Satoshi Nakamoto, the mysterious creator of Bitcoin, remains as unknown as ever, but perhaps not so elusive after all. New posts, like one on his/hers social network P2PFoundation profile, seem to indicate that he/she has not left the world for good. But is it him/her, an impostor, or a practical joke?
The first seemingly significant thing that happened in November was the appearance of a Twitter account under the handle @satoshi (now closed by Twitter), which tweeted, “I do not want to be public, but, there is an issue with SegWit. If it is not fixed, there will be nothing and I would have failed. There is only one way that Bitcoin survives and it is important to me that it works. Important enough, that I may be known openly.” The tweet appeared on November 16th – incidentally, one day after the already infamousBitcoin Cash hard fork.
There had been previous tweets as well, mostly copy-pasted sentences from the Bitcoin whitepaper, as well as some numbers that are actually just plugged into formulae to calculate the probability of a successful attack on the network. The above mentioned tweet is the first one not to quote the whitepaper directly. However, the account was later suspended.
Then, on November 29th, Satoshi’s P2PFoundation profile showed some activity for the first time since early 2011. First, it added a guy named Wagner Tamanaha to its friends list, and then posed a single word, “nour,” which many from the community point out means “light” in Arabic.
However, there are claims that the email used by the account is [email protected], which was allegedly hacked back in 2014. The hacking incident was first brought to light on the Bitcointalk forum, where a user claimed to have received a message from that address writing, “Michael, send me some coins before I hitman you,” and pointing out that this is not really Satoshi’s usual style. Now, this could well mean that the P2PFoundation profile was compromised as well.
And that’s what most of the community seems to agree on: all of this is probably fake. Reddit user u/mr_li_jr writes, “If anyone wants to claim to be Satoshi, they can move his coins. Anything else can be faked or hacked,” and this sentiment is echoed by most of the community throughout several social networks.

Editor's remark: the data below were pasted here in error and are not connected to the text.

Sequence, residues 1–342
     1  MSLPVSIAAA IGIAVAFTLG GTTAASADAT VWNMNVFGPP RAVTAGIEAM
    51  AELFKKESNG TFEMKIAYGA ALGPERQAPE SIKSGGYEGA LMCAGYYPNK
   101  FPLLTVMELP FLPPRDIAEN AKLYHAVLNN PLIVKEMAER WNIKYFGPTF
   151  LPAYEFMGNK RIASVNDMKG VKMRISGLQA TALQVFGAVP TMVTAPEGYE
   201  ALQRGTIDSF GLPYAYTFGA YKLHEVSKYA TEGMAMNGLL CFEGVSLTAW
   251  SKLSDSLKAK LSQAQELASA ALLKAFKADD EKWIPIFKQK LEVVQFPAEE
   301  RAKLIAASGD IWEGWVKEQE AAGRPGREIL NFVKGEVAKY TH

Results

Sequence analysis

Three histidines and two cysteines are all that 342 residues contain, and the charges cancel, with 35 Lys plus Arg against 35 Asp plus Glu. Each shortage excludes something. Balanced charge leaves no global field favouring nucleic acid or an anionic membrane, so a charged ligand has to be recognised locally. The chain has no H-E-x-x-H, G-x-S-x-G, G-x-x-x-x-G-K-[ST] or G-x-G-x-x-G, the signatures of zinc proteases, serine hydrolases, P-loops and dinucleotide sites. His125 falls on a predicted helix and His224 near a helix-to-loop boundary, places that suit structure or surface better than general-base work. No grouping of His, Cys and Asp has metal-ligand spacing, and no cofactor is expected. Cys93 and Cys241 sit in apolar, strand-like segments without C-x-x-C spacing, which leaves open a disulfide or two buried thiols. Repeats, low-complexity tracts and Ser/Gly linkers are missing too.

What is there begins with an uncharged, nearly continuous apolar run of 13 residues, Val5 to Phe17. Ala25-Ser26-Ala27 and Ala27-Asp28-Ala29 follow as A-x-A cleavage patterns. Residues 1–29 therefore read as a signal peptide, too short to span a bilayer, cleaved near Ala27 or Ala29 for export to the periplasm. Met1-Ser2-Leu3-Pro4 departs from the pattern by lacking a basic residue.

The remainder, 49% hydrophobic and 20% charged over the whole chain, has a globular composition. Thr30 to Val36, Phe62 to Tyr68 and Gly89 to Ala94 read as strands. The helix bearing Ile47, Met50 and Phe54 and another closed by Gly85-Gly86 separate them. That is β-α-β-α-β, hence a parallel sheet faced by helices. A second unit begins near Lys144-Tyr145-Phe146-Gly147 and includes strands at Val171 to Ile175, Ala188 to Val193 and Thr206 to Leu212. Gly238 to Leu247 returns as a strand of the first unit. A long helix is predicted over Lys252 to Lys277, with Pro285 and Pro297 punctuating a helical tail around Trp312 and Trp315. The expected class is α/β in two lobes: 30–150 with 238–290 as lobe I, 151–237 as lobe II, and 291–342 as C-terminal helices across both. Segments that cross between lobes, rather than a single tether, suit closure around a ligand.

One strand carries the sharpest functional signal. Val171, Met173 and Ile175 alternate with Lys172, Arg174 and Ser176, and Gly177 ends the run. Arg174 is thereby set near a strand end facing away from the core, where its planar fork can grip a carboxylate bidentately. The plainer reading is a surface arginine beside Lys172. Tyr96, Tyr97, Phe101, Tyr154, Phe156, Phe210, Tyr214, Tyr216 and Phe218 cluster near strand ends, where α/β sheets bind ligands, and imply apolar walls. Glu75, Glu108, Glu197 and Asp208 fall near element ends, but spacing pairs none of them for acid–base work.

Who and why?
It would seem that the big question behind it was never the validity of the posts, but who’s behind them and why? Most of the community readily points at Craig Wright, often dubbed Faketoshi due to his claim that he is Satoshi Nakamoto and general lack of any sort of proof. The timing of the tweet claiming that Satoshi might reveal himself is suspicious enough, as it is a day after the BCH hard fork, when it seemed that Bitcoin SV, backed by Wright, would lose the battle.
Wright’s Twitter account is a cesspool of cryptic tweets. On the same day when the @satoshi account wrote its last tweet, Wright wrote, “I have done all I can for now to warn people. I will work to make the system right, it is not you, it is not your profit, it is sound money for the world. If you cannot understand that, I cannot make you. I hope that your children will,” later adding, “About a year from now, I have something to release, but, right now, I cannot. So, the place is marked and saved, and in the time it takes, you will find what that is… when it is fixed.”
Wright also wrote two tweets in Arabic around 7 hours after Satoshi’s “nour” post, both of which contain the word “light” in it. One translates to, “The light haunts the darkness,” while the other means, “The light of the world in trade.” Neither of those were subsequently explained, however.
Now the community is debating on whether the “Satoshi” accounts are controlled by Wright, or if he’s as clueless as the rest of the community but just trying to connect himself to those posts. Most believe that the latter is the case: Redditor u/HiTierChris writes, “There is a huge time difference between when Craig posted that and when that was posted from Satoshi’s profile. Is there a possibility that Satoshi actually posted that and Craig saw that and now is pretending that it’s him?” and u/JasonLeeH replies, “Yes, that’s exactly what is happening.”
However, this option also implies that if the accounts are neither owned by Satoshi or Wright, there is yet another Faketoshi in the game – Faketoshi v2.0, if you will. Maybe they’re trolling, maybe they want to spread FUD in the community, or maybe they’re just kids who are having a few laughs. Still, another unknown element in the game seriously hinders the possibility of ever discovering who Satoshi really is.
But should we discover it in the first place? Many in the community are content with letting sleeping dogs lie, while some are actively warning against demystifying the creator of the world’s largest cryptocurrency. Some even warn that it could put Satoshi in danger.
Whether or not Satoshi is still alive, following the crypto market or not, or maybe even debating coming back into the spotlight, one fact remains: nobody will believe him/her until he proves he/she has access to the original Satoshi’s private key, as well as funds. Until then, listening to the FUD can only be harmful in the long run. The question remains: does it matter who Satoshi is, and would his/her reappearance really change anything?